N.L. fishing guide among dead in Labrador plane crash, four still missing
By The Canadian Press
ST. JOHN’S, N.L. – A funeral for an experienced fishing guide and father of three was held in Deer Lake, N.L., Monday, one week after a float plane that he and six others were on board crashed into a lake in Labrador.
An obituary for Dwayne Winsor, 47, published by Parsons Funeral Home, announced his July 15 death and featured tributes from his wide circle of friends and family.
Winsor was a guide at Three Rivers Lodge, the starting point for last Monday’s fishing excursion to Mistastin Lake that never returned to the lodge. Debris from the de Havilland DHC-2 Beaver plane was spotted in the water last Tuesday.
A short biography of Winsor on the Three Rivers Lodge website describes him as a guide with 20 years of experience in the Labrador bush, who shared the river with guests and had a knack with a fishing net.
Messages from friends around the world accompanying Winsor’s online obituary remembered him as a fun-loving outdoorsman who was a patient guide and teacher on the water.
“His passion for life, love of the outdoors and devotion to his family were infectious and shall live on forever,” one friend wrote of Winsor.
Three bodies, including Winsor’s, have been recovered. Four men – Quebec pilot Gilles Morin, American brothers Matthew Weaver and John Weaver III and another fishing guide from Newfoundland and Labrador – are still missing.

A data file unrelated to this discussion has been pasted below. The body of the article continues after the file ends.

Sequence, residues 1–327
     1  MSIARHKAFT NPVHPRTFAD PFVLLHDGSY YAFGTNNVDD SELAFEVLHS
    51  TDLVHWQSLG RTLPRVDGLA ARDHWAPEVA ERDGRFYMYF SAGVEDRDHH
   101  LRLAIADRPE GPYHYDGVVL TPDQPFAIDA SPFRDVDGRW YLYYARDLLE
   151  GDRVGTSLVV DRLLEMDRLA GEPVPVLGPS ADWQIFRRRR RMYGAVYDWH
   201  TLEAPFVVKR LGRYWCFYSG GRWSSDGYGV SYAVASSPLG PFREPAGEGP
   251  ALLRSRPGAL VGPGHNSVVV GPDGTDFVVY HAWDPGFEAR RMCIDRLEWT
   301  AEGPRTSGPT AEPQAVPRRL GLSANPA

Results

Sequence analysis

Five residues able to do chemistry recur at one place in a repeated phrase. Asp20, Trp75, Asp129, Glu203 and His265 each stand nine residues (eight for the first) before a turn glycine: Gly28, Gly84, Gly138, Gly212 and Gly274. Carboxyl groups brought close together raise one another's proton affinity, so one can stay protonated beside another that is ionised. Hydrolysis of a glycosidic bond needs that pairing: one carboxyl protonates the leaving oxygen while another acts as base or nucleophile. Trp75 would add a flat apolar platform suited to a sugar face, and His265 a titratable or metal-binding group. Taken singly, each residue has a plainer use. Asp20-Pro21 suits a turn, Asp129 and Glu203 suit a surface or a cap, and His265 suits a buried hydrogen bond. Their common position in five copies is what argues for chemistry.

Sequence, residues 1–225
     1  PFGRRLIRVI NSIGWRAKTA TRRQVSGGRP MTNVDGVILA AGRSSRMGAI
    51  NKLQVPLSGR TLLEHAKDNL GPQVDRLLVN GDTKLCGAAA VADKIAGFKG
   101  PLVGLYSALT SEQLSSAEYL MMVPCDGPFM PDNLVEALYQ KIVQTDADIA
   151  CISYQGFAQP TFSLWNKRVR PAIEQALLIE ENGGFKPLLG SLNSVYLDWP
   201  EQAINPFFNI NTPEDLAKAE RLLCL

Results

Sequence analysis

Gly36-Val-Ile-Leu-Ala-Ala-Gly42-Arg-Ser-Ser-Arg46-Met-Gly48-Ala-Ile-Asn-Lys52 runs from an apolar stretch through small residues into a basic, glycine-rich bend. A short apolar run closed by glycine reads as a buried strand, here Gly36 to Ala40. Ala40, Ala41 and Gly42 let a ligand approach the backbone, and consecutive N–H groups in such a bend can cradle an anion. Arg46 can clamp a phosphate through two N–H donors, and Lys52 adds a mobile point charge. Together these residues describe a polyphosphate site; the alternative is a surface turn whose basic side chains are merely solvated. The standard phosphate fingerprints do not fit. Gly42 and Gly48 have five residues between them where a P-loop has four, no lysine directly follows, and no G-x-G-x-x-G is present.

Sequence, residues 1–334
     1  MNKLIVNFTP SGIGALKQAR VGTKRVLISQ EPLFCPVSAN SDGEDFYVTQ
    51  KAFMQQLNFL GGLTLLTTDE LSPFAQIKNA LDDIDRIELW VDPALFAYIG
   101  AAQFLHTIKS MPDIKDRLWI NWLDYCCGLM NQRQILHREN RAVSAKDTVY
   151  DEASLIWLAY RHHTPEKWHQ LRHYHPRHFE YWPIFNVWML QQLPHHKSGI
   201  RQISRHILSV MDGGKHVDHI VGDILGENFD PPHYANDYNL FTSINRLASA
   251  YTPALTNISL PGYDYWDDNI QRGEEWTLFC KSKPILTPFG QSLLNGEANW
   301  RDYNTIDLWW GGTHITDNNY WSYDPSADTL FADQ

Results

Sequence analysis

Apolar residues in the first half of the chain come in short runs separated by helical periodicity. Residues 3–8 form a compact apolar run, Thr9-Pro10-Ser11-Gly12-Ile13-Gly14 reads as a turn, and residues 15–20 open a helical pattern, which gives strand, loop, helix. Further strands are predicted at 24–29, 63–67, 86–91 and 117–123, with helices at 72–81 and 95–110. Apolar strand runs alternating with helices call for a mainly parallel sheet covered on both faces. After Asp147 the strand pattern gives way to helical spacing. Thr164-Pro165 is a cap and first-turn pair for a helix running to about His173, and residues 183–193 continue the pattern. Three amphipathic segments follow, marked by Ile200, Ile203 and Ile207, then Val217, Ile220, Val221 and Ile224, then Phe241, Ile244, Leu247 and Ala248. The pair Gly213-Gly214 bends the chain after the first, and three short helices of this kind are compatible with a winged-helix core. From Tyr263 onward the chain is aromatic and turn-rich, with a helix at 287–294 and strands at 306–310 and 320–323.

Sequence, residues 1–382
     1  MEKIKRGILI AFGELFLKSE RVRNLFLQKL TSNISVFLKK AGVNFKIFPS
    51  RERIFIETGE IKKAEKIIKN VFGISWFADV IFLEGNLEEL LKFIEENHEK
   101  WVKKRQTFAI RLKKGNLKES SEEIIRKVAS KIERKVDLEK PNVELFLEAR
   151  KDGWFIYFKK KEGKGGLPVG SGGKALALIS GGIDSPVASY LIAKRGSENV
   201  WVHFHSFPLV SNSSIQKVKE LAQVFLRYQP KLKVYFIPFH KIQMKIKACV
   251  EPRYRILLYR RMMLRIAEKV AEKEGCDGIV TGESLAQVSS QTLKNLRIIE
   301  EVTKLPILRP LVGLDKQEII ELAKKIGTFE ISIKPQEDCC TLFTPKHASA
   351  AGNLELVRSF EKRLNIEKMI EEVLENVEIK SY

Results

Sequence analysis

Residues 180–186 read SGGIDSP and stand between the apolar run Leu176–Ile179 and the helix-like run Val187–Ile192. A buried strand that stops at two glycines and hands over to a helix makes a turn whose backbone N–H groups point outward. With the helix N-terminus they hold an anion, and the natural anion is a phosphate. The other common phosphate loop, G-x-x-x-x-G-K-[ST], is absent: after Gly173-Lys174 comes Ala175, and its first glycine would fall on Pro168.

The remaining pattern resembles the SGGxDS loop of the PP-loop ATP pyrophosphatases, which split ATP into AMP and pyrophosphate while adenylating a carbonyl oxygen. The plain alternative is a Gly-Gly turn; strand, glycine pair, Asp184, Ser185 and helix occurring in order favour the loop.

RCMP divers planned to continue Monday an underwater search of Mistastin Lake begun over the weekend, but so far none of four missing men or the plane’s fuselage has been found.
A statement from the RCMP Monday said it’s believed that high winds and heavy rains, which delayed search teams’ arrival at the remote site last week, have caused the plane to sink, though its tail and other debris had been visible from the air days earlier.
The statement said unspecified “objects of interest,” identified through side scanning sonar, would be investigated on Monday.
Mistastin Lake, about 100 kilometres southwest of Nain, was formed by a meteor impact and is approximately 16 kilometres long and has depths that “could exceed a few hundred metres,” the RCMP said.
RCMP underwater recovery divers can reach a maximum depth of 45 metres, according to an interview with Cpl. John Stringer posted to the force’s official website on April 1.
The objects being investigated Monday are within the divers’ range, according to Cpl. Jolene Garland, but she said ultimately the lake’s depths may limit the divers’ search.
“They’re restricted to how far down they can go, then obviously there’s a possibility that they become obsolete in what they’re able to do,” Garland said. “We’re just taking it one day at a time.”
The cause of the crash is still unknown. A spokesperson for the Transportation Safety Board of Canada said Monday that investigators would visit the site to inspect the plane after it has been located and removed from the water.
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